[erlang-questions] Erlang/OTP R15B has been released

Kostis Sagonas kostis@REDACTED
Thu Dec 15 11:39:52 CET 2011

On 12/14/2011 06:05 PM, Kenny Stone wrote:
> How do "behaviour callbacks" differ from the way it used to work?

In a nutshell, behaviour callbacks allow behaviour modules to specify 
(using a formal language, instead of just in comments) the names and 
types of all functions that callback modules should implement. This 
information can then be processed by dialyzer (but in the future 
presumably also by other tools, e.g. edoc) to check conformance of a 
callback module with what the behaviour module expects and warn the user 
for errors that may exist.

The syntax of -callback attributes is the same as that of -spec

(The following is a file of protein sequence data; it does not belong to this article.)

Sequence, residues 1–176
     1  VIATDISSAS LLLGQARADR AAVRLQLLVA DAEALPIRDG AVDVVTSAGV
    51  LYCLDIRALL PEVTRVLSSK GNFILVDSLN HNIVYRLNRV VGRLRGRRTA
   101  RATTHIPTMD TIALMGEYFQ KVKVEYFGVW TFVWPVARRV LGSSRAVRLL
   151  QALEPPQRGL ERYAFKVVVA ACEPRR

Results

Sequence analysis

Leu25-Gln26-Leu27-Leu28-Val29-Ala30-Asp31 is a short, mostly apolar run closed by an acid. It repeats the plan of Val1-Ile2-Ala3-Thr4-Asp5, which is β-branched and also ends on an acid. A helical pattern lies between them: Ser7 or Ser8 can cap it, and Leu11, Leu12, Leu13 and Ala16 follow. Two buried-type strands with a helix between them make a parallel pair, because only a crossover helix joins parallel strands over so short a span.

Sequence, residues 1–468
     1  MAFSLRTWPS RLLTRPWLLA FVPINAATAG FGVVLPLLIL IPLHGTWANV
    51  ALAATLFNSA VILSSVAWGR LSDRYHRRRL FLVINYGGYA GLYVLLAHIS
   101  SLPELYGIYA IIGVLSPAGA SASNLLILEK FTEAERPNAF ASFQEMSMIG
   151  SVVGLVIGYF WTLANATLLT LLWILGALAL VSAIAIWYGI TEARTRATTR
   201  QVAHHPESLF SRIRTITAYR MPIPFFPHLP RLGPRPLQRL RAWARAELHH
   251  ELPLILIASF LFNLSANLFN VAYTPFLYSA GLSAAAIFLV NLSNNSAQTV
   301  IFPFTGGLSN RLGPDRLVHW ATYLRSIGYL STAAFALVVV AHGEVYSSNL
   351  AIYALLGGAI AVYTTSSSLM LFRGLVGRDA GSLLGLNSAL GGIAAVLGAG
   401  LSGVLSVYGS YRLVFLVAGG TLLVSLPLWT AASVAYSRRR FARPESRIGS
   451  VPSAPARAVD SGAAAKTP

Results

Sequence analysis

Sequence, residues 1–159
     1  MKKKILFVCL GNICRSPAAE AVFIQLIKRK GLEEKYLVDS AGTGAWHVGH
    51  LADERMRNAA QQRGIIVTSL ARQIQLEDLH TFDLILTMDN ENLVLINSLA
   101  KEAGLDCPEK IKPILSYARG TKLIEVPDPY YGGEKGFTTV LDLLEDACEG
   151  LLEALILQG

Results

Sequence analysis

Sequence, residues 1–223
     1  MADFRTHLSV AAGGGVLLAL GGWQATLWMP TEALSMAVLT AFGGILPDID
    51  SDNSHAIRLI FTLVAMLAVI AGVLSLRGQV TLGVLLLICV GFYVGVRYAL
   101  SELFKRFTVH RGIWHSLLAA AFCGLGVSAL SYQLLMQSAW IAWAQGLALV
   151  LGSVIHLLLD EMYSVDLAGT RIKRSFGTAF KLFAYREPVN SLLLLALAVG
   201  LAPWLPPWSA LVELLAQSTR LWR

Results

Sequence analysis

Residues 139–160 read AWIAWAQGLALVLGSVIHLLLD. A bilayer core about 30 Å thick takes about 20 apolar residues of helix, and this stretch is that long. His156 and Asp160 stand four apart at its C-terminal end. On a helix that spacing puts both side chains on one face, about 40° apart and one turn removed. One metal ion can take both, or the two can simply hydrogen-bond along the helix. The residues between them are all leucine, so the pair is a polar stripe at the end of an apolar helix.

attributes. The main difference is that -callback attributes refer to 
functions that do not belong to the module containing them (and cannot 
be found in its code) but to the callback module(s).

Note the callback module can provide more specific implementations of 
what the behaviour module expects. For example, a gen_server expects 
that the callback module exports an init/1 function. In R15B, the 
relevant callback attribute reads:

   -callback init(Args :: term()) ->
       {ok, State :: term()} |
       {ok, State :: term(), timeout() | hibernate} |
       {stop, Reason :: term()} | ignore.

but a specific callback module may decide to provide an init function 
that accepts an empty list as Args and only returns {ok, State}.  Thus, 
in the callback module, one may want to provide the following spec:

   -spec init([]) -> {ok, state()}.

for some locally defined state() type.


PS. We'll try to add this in Section 1.2 of the OTP Design Principles
User's Guide.  Currently, some of this info has been added in a weird 
place of the Guide that is hard to find...  Apologies for this.

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